Psychotherapy is not for the faint-of-heart. Entering therapy is a substantial risk, especially when considering there is no blue print or written guarantee that you will get better. At the same time, it is just as thrilling as it is terrifying, like a sedentary extreme sport or emotional skydiving. Based in art, philosophy, and science, psychotherapy is fierce and a force to be reckoned with, so it still surprises me when patients worry about being judged as weak for stepping up to that level of commitment.
As a licensed social worker and post-graduate fellow, I was recently ask to speak to a group of interns about entering a program for psychoanalytically-informed psychotherapy after graduation. In the spirit of Freud (procrastination), I relied on free association, trying in some way to articulate my experience so far, specifically in my own therapy. I have few regrets about investing in mental health, so I figured that unshakeable belief in psychotherapy would emerge organically, but each time that I tried to hone in on specifics, I became overwhelmed, quickly recognizing that I still wonder how I have made it this far in my own training and practice.
The discussion ended up more like a paradoxical dry heave. Upon offering a blur of anecdotal pieces of my life in training, a frenzied story of blind passion on an empty wallet, one intern chimed in to ask, “So why is it worth it then?”
Touché. Apparently, I did not convey the agony and beauty of no frills health care, just the agony. Standing by everything I said in the abstract, I failed to give the gains their due. How far I was willing to go for my dream to become a psychotherapist did not translate, at least not through the epic saga of waiting three hours to get a pap smear.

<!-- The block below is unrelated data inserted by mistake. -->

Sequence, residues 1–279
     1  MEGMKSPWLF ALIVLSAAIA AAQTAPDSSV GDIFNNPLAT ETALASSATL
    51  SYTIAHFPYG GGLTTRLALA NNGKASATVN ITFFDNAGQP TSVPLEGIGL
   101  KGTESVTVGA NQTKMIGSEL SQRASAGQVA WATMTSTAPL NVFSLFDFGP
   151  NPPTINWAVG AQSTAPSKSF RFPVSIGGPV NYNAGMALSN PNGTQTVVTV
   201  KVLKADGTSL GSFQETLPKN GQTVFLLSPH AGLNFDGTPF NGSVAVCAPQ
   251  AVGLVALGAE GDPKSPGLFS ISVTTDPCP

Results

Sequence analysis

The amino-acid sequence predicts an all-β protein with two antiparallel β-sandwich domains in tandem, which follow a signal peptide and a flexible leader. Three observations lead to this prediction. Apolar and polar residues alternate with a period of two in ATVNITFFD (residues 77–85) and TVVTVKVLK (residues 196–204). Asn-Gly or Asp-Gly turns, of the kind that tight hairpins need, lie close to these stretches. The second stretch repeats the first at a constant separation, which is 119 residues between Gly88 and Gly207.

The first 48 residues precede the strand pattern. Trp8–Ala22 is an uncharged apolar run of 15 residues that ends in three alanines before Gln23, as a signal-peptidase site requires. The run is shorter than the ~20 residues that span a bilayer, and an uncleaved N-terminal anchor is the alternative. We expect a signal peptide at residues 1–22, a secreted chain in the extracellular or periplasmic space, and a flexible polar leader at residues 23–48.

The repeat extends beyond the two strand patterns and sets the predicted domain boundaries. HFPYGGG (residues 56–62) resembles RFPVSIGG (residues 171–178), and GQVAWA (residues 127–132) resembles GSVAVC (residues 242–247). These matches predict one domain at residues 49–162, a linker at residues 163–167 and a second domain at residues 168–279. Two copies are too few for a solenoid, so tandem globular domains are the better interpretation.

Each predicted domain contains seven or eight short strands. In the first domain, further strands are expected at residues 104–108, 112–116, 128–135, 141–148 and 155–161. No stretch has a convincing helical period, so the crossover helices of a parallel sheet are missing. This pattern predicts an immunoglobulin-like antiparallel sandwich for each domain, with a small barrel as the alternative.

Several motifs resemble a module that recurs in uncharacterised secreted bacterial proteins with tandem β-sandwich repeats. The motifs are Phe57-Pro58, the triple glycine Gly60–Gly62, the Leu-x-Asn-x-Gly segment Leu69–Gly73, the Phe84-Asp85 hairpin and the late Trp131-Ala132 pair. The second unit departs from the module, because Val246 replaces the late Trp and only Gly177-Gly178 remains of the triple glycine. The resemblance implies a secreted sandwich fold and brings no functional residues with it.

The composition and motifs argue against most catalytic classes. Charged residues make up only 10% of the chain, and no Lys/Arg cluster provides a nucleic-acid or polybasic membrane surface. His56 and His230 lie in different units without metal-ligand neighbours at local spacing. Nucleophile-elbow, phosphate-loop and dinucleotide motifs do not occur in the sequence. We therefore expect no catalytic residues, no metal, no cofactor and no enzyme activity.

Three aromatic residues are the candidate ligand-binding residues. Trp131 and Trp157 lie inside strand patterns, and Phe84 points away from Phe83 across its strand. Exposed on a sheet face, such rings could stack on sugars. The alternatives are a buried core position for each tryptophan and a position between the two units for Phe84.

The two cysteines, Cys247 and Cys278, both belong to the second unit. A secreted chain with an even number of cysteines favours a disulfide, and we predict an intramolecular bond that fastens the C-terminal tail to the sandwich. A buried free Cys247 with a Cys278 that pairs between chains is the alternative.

With the discussion in the backdrop of my mind, I headed home that night, shifting my focus onto Elia Kazan’s “On The Waterfront” (1954), because, well, Marlon Brando. While indulging in what Columbia Pictures describes as “tender love, terrifying conflict, and exalted frenzy,” I realized that this story is eerily similar to what I tried to convey earlier.
Terry Malloy, played by Brando, is a gritty dockworker and amateur boxer who finds himself a witness and unknowing accomplice to a mob murder. In an effort to prove his innocence, he teams up with the dead man’s sister and local priest, who both encourage him to expose the corruption. In the end, having to choose between virtue and violence, Terry’s ego settles the score by opting for a little bit of both. He testifies against the bad guys, kicks some ass while subsequently getting his ass kicked, and in the end, becomes a bloodied emblem of individuation.
The irony in psychotherapy is that in order to become effectively individuated, the parts of ourselves that we hate are usually the parts that need to be treated with the most dignity, respect, and love. Again, easier said than done. In fact, there is a real jeopardy and violence to the journey inward: an acute emotional pain in picking, peeling back, and agreeing to slowly shed our defenses away. Mistakes are made. Stuff spills out, just like in that infamous final scene in “On The Waterfront” (1954). As our hands, once held in fear, drag slowly down our cheeks, we see that Terry is bleeding, crying out, and swollen in body and mind, yet we don’t turn our heads away this time. We sit closer, finding that we cherish him more, embracing his depth, complexity, and humanity with widened eyes and hearts all whilst silently root for the unlikely hero.
As the parallel processes of my own experience, with and in, psychotherapy seemed to be pressing up against the fourth wall from the inside, gently whispering “duh,” it dawned at me that there has to be something to this whole art imitating life thing. Psychotherapy is made up of people like Terry Malloy, resilient individuals who thrive because they have suffered. Asking for help is an incredible feat of strength, in all its messy glory and, as it turns out, the gain is in the transformation.